COLUMBUS, Ohio (AP) -- Ohio State University freshmen will undergo mandatory sexual violence awareness training beginning next year under one of several initiatives the university announced Thursday aimed at reducing sexual assaults on campus.
Other efforts include online training for all students beginning next week, the hiring of an additional sexual violence prevention coordinator and more advocates to support students.
"We are deeply concerned by sexual misconduct and relationship violence both at Ohio State and at institutions of higher learning across the nation," said President Michael Drake. "Campuses must be safe places to learn and grow."
Students, staff and faculty also will brainstorm new ways to prevent and respond to such misconduct and violence.
Vice President Joe Biden reinforced the initiatives during a stop at Ohio State on Thursday night. He is promoting national efforts to combat sexual assaults on campuses.
Biden asked more than 1,000 students packed into a university gymnasium to take the "It's On Us" pledge to personally work to prevent sexual assault. He was introduced by "Hunger Games" star Josh Hutcherson, who flew with Biden from Los Angeles for the rally.
"Victory looks like when there's not a single woman who's abused who asks herself, `What did I do,'" Biden said.
A year ago, the U.S. Department of Education announced it was closing a four-year investigation into the university's handling of sexual abuse allegations. That action followed the firing of marching band Director Jonathan Waters, who university investigators said ignored a "sexualized culture" of rituals and traditions.
As part of an agreement ending the federal inquiry, Ohio State said it would revise certain policies and review how it handled sexual violence and harassment complaints since the 2011-2012 school year.
At the time, the government said Ohio State demonstrated a strong commitment to addressing sexual assault and sexual harassment, although it identified some problems.
Some of the efforts announced Thursday are part of that agreement, but many are new, said university spokesman Chris Davey.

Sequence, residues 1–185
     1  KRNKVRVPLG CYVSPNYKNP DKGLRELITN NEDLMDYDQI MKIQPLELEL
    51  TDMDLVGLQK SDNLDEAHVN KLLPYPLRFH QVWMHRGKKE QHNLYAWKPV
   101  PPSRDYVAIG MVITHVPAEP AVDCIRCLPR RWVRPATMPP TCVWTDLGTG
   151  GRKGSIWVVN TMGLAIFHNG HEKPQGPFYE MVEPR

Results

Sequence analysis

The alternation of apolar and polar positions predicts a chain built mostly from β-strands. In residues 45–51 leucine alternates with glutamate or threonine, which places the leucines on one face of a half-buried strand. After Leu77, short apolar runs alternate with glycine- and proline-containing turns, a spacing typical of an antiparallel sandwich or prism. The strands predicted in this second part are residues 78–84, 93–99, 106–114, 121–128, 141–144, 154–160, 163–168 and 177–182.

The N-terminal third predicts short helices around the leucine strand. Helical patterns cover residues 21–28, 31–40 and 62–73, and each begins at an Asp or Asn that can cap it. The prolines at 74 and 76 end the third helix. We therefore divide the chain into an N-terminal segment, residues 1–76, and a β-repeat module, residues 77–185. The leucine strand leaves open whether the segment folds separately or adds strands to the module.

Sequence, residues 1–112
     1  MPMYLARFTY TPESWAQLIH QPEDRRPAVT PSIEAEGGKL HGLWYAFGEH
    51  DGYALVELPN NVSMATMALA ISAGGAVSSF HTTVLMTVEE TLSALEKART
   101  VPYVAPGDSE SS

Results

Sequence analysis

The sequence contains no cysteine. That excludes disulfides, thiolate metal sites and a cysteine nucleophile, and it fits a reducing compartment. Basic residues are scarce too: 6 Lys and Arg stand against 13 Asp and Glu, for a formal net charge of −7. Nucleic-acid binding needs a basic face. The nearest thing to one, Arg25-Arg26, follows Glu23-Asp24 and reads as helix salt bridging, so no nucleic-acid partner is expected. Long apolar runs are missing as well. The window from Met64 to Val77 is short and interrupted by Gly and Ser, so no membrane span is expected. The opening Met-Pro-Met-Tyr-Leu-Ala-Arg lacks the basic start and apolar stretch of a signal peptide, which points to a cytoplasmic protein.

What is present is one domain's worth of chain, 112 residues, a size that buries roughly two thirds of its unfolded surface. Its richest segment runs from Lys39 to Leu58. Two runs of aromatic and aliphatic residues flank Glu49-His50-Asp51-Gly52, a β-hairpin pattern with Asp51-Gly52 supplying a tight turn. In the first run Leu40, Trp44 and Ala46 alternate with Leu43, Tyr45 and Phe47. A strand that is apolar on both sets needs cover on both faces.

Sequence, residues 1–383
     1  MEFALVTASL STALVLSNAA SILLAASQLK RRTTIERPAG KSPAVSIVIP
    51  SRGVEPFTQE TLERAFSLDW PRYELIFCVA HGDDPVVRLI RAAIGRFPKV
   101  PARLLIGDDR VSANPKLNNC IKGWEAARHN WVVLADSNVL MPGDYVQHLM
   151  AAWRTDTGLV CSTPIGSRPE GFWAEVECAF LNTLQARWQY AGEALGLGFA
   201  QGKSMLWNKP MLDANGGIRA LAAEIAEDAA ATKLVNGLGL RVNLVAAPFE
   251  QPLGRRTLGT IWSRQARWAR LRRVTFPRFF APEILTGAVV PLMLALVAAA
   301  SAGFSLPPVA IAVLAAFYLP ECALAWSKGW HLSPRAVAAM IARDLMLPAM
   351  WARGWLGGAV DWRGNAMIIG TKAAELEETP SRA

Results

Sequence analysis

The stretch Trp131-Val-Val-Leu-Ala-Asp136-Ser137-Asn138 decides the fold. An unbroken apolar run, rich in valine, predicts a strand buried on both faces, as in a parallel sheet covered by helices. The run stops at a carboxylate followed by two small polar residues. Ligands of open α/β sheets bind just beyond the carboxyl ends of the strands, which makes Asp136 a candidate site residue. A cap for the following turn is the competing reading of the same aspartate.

Those efforts, dubbed "Buckeyes ACT," combine new programs with existing initiatives in three areas that give the program its acronym: action, counseling and training.
In combination with Buckeyes Got Your Back, an existing bystander intervention initiative, the university will appoint an additional sexual violence prevention coordinator and dedicate a team to investigating reports of student sexual misconduct and relationship violence.
Ohio State was one of 27 U.S. universities that participated in the Association of American Universities' campus climate survey. The university will use those results, expected soon, to adjust Buckeyes ACT as needed. The university plans to survey students again in 2016 and 2017.
Ohio State also plans to partner with a local sexual assault hotline and increase the number of advocates in its Office of Student Life available for confidential group and individual counseling.
Next week, Ohio State will launch an online training course for students developed over the past year, followed by a separate online course for faculty, staff and volunteers. Sexual misconduct awareness training will become mandatory as part of first-year orientation during the next year.
Additional coursework for students covering sexual misconduct and relationship violence also is in the works.
Prior to the band scandal, the university in 2013 fired its head cheerleading coach and two assistant coaches over sexual harassment allegations.
Then in March, the head coach of the Ohio State University women's hockey team resigned under threat of firing after an investigation said he sexually harassed players with repeated and inappropriate comments.
Associated Press White House Reporter Josh Lederman contributed to this report.